Cayle Bywater had a simple desire to help people, says her friend and classmate Beth Daniell, who frequently carpooled with Bywater to take evening courses at UGA's Gwinnett campus in the Master of Internet Technology program.
Bywater's vision dovetailed nicely with a team project assignment for her MIT class. As a volunteer at Nuçi's Space, a unique musicians' resource and support center in Athens, she was well aware that the facility's rehearsal room rental database was barely keeping up with the demands local musicians and bands were putting on it, and she urged her classmates to consider the development of a new Internet-based solution for their end-of-course project.
"In the last two semesters of the five-semester program, students do what is basically a project course, and we solicit project sponsors in the spring before those two semesters," says Craig Piercy, an MIS lecturer who directs the Terry College's MIT program. "The sponsors we work with range from big corporations to small businesses to government agencies and nonprofits."
Tragically, Bywater died before she could see her pet project get off the ground. After she was reported missing in late December 2007, Bywater's body was recovered on Jan. 11, 2008, from the pond at an Athens park. The case was later ruled an accidental drowning. Her classmates, in the meantime, could have moved on to another project. Instead, her fellow team members — Daniell, Wilson Darmajaya, Lars Osmerg, Hallie Pritchett and Marline Santiago-Cook — became resolute in seeing Bywater's dream project become a reality.
"We looked at this project and talked about it because we try to choose projects that show off what our students can do, which is the main idea behind this," says Piercy. "So we make sure it's a good fit and a good sponsor, and I wanted to tweak it a little to make sure it worked because of our association with Cayle."
In late April, after more than a year of work, students, faculty and supporters gathered at Nuçi's Space to commemorate the launch of "The Cayle Project," a new database that not only keeps track of the nonprofit's rental space but also helps staffers keep better records of funds coming into the center through refreshment sales and equipment rentals.
"It's a big deal. The way we were doing things worked, but we were using the bare essentials," says Will Kiser (AB '00), volunteer coordinator at Nuçi's Space. "One thing that will be really different is the amount of information we'll be able to get out of it. The efficiency of it will be different — no more mistakes and no more double-booking rehearsal rooms. We've been growing, with more and more bands practicing here, but we were sticking with this very rudimentary system."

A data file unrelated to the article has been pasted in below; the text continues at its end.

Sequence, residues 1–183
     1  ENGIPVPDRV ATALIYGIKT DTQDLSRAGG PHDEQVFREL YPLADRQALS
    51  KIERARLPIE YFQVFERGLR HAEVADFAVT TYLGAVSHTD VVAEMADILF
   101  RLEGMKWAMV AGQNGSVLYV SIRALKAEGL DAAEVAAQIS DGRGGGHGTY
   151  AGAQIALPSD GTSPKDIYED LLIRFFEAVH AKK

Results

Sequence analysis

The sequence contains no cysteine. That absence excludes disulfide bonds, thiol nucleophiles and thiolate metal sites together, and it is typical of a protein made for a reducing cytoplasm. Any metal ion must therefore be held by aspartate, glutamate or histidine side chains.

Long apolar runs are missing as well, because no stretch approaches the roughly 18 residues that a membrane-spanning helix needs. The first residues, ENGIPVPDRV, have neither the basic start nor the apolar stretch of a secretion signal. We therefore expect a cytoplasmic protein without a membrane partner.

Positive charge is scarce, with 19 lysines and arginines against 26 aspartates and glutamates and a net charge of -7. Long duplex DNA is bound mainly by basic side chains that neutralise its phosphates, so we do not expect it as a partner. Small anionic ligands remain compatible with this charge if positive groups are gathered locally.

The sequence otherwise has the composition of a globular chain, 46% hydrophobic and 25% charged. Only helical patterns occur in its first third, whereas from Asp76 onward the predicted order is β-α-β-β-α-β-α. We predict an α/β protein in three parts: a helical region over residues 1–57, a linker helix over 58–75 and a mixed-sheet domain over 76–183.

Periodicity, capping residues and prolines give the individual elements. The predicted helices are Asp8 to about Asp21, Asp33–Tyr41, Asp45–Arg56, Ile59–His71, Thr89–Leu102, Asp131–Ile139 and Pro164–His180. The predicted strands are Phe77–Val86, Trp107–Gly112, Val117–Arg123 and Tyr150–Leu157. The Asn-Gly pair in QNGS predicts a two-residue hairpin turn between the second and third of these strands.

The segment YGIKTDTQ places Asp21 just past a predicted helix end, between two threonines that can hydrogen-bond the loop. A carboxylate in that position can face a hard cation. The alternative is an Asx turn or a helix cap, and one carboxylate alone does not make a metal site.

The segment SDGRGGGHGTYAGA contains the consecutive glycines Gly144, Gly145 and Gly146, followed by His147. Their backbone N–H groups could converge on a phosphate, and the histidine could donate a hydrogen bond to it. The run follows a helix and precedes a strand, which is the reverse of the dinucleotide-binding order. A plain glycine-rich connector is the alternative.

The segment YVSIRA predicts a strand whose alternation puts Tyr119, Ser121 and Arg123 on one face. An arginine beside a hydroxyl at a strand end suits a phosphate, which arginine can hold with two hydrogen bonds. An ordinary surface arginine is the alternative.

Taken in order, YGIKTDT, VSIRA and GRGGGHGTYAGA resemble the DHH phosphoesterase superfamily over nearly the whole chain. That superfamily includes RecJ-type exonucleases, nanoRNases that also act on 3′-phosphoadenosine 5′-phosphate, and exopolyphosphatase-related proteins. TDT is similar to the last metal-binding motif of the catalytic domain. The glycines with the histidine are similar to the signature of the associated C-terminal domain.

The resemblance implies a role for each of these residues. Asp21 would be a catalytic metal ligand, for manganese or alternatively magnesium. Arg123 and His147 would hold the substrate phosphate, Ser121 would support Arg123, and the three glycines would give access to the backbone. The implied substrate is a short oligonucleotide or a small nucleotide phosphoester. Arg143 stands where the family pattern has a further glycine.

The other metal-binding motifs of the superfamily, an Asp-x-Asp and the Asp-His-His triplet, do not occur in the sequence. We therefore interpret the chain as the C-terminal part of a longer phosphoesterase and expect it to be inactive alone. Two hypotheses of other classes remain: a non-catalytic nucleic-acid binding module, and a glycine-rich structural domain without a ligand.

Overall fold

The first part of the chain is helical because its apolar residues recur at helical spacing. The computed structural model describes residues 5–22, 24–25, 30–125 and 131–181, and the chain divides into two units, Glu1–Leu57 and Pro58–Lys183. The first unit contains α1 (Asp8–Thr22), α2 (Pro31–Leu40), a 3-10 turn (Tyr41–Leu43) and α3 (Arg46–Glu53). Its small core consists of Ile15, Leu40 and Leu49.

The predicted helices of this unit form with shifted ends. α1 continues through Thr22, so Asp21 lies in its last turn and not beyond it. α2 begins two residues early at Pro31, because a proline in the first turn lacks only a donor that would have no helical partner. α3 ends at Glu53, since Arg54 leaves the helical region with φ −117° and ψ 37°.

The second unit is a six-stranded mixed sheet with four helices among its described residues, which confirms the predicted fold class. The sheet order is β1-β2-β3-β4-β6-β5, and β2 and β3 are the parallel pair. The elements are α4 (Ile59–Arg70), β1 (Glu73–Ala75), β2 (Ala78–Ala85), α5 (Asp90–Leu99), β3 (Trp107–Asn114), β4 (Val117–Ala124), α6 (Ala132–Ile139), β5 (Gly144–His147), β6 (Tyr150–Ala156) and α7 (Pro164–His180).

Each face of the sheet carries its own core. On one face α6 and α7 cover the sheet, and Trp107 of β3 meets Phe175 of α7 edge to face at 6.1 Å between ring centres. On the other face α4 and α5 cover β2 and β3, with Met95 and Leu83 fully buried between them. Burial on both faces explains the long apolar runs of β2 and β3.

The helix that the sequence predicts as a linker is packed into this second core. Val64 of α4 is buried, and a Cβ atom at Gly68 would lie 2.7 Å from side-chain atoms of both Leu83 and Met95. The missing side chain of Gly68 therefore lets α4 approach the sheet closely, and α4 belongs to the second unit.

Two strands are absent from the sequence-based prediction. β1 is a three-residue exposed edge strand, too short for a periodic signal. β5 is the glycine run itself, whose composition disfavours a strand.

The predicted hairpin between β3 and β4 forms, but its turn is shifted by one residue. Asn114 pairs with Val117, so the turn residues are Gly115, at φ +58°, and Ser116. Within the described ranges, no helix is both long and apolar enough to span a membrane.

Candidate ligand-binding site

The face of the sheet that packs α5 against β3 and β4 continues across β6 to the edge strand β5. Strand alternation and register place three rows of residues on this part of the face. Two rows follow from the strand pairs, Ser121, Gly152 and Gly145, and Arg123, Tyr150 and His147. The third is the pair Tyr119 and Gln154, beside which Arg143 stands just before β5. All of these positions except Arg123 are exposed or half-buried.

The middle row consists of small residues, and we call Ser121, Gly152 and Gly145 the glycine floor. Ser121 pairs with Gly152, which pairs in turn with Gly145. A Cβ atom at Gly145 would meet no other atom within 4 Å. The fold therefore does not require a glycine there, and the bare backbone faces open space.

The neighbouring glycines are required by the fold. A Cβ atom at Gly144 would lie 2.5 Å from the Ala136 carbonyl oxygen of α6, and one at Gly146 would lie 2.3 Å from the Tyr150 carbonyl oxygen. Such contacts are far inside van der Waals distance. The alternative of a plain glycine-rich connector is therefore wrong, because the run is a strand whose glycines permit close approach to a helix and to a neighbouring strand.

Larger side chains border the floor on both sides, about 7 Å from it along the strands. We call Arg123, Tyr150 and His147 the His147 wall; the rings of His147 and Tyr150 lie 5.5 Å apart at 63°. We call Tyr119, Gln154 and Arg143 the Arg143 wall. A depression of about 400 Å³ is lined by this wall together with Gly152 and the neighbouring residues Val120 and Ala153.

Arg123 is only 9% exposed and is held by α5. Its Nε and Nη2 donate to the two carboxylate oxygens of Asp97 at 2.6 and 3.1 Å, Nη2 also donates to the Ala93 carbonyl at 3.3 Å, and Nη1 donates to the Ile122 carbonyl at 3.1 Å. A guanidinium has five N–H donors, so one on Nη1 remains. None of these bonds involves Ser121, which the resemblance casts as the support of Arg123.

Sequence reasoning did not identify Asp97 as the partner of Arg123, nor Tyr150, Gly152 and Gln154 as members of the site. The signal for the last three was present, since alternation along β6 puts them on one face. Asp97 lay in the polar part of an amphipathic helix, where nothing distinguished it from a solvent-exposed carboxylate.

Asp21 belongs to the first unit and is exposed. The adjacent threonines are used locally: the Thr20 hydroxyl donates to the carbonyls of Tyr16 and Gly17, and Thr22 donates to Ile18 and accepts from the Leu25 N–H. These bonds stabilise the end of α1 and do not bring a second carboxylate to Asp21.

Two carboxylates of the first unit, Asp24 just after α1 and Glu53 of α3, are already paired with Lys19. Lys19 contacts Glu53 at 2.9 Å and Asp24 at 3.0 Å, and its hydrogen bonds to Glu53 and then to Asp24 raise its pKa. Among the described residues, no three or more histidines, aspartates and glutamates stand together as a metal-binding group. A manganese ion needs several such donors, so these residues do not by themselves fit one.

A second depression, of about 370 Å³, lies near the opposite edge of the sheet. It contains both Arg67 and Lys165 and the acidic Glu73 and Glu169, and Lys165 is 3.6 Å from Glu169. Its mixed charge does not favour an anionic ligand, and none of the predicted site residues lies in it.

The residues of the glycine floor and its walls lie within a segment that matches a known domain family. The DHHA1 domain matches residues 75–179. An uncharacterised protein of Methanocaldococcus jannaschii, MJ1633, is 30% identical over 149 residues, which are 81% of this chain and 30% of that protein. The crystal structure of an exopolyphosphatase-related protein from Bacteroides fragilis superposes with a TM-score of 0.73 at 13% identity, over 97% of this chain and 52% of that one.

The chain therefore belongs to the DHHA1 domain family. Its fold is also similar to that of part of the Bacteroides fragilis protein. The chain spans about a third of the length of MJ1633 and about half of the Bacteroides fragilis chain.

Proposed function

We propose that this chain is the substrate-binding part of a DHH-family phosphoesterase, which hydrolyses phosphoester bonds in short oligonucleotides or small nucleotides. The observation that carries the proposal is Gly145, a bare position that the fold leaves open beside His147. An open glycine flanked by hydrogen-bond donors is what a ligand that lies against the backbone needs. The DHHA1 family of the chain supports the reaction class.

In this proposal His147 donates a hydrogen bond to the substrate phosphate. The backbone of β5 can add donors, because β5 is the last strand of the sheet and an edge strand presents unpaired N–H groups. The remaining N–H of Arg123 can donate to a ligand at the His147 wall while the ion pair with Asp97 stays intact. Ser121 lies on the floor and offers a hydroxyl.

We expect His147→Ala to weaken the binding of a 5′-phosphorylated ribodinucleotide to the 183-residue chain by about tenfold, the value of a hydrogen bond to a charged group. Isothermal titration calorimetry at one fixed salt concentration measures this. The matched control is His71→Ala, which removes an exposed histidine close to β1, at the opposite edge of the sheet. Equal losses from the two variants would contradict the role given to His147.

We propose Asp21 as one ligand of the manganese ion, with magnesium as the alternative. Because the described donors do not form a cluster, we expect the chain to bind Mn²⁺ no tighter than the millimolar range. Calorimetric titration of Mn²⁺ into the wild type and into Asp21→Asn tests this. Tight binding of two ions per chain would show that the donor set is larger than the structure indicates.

Kiser said that there's no way Nuçi's Space could have paid for a custom software system to reconcile the business conducted at the center, which is located just a few blocks from downtown Athens.
"This system allows us to get back to doing what we do best, which is to build relationships with musicians," he says. "We could have never afforded something like this because we needed to have something developed especially for us because there's nothing equivalent to Nuçi's Space out there. So the money we raise can continue to go to helping musicians, rather than paying for an expensive database project."
After a short musical set from singer-songwriter Leralynn Buettner and guitarist Dan Nettles, team members offered a demonstration of "The Cayle Project," which has already been put to use at Nuçi's Space. Bywater's classmates admitted to having mixed emotions about the project's completion.
"It makes it more final, but it also makes us feel good to know that there's a little piece of Cayle in this project," says Daniell. "Before she died, she kept saying that she wanted to do something and she wanted to help people. We've been able to do that for her. I hope this will make a big difference to Nuçi's Space."
"Everyone had a project, but this one is special because of the circumstances," adds Pritchett, who works as a map and federal regional depository librarian on the UGA campus. "Cayle was only 30 when she died, and it was obviously very unexpected. It's just a nice addition to all the hard work we've done to know that we've done something in her memory. So this will continue on. That's very satisfying."
Because several of the MIT students live and work in the Atlanta area, they often rode together to Athens on Sundays to work with Kiser and Nuçi's Space executive director Bob Sleppy (who is a Terry MBA student in Gwinnett) on the project.
"Every member of the group was an amazing person," says Kiser. "The amount of work that was put in was unbelievable. Some of that speaks to the way the project came about, with Cayle's original idea.
"We had a really nice connection (with the students)" Kiser adds. "They saw this project as being something really different from what their classmates were doing, and we implemented it immediately. The students got a lot out of it, and we got even more out of it."